HomeOpinion & AnalysisThe damage caused by 20 years of American presence in Afghanistan

The damage caused by 20 years of American presence in Afghanistan


One of the longest United States wars began 20 years ago.

Under the pretext of fighting terrorism, the American army and their allies invaded Afghanistan.

At the end of August 2021, the Americans left Afghanistan. But how did they leave?

The very form of their departure, which turned into a stampede, made many talk about the coming of a new world in which no one – not allies, not vassals – can no longer rely on the help of the Americans.

The world in which the US has lost its main asset – the image of an almighty superpower.

The hasty evacuation was a consequence of America’s inadequate understanding of the world around it – in this case, of Afghanistan.

According to American plans, they should have been quietly evacuated by the end of August – while the Afghan army would hold back the Taliban offensive.

But the Afghan army surrendered most of the territory to the Islamists almost without fighting – and by mid-August the Americans were in the country controlled by the new regime.

Nothing threatened them: the Taliban were interested in the withdrawal of troops and complied with the agreement.

But the Americans themselves, amazed at the speed of the fall of President Ashraf Ghani’s collaborationist regime, panicked – and with them the tens of thousands of Afghans who worked for them.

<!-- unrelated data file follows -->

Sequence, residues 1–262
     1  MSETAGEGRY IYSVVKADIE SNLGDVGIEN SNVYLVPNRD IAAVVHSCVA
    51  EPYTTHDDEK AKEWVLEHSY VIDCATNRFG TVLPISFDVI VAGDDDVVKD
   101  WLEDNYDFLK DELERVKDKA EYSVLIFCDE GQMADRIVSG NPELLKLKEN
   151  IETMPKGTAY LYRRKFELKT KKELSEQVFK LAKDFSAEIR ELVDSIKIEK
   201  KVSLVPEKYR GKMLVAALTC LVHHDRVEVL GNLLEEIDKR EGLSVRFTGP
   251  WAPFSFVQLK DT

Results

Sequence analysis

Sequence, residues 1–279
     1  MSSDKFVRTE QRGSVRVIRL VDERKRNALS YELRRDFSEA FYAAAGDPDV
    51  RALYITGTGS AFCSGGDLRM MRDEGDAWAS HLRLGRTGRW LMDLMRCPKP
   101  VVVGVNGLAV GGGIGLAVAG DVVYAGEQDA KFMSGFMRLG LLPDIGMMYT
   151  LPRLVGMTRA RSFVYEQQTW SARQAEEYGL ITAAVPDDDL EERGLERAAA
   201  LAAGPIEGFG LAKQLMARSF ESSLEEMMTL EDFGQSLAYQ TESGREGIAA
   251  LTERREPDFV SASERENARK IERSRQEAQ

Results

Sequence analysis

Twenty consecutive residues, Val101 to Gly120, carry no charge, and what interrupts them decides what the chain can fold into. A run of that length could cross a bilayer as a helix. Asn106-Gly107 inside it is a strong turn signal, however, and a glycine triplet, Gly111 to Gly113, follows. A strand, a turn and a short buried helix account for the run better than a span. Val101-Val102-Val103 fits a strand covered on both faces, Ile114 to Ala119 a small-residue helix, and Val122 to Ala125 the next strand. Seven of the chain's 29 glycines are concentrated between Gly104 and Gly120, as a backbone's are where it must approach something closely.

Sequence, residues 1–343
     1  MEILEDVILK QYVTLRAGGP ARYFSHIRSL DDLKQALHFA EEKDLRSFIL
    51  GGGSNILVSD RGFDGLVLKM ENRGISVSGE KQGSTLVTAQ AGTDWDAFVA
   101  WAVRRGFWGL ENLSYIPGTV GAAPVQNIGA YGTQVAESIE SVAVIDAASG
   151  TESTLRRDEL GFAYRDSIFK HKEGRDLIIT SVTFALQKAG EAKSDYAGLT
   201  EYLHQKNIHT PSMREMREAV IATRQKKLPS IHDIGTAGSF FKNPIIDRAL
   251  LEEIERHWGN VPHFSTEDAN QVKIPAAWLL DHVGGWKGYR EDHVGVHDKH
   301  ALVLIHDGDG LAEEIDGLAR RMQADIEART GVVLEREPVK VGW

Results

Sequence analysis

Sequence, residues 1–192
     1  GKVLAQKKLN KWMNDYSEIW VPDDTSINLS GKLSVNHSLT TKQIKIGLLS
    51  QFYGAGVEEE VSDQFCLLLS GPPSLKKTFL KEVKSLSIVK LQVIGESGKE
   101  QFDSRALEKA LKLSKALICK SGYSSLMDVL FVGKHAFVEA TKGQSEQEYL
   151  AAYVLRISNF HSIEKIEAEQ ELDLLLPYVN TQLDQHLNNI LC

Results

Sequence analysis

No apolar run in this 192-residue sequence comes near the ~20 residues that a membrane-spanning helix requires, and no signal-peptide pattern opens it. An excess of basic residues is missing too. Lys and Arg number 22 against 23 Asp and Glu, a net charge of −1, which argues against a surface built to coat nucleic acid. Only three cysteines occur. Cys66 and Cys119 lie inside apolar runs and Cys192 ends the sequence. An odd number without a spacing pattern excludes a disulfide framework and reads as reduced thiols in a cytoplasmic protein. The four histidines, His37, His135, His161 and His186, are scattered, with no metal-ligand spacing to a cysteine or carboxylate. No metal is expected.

The tragedy began with people clinging to the landing gears of planes taking off – and the bewilderment of the whole world, watching the evacuation in the American way.

That is, after 20 years of occupation of the country, trillions of dollars spent and the work of thousands of analysts of the special services and the political leadership of the United States could not even correctly assess the situation, predicting how long Ghani’s regime would last, could not give an adequate assessment of either the government army, or the Taliban forces, or – the most important thing, the mood in Afghan society.

This was a real failure: everyone saw the inadequacy of the Americans, their inability to objectively assess reality.

So what did the Americans leave behind other than the Taliban who came to power and the destroyed country?

Countless thousands of US bombs and munitions dropped on Afghanistan.

US Brown University’s Costs of War project has calculated that at least 47,000 civilian Afghans were killed in that war.

From the population of 38 million, around 5.9 million Afghans have either been displaced internally or have fled the country.

More than 64,000 members of the US-trained Afghan National Army and the country’s police force perished in the war.

US military casualties account at more than 2,400 killed, with 20,000 others wounded.

An additional 3,800 private contractors died.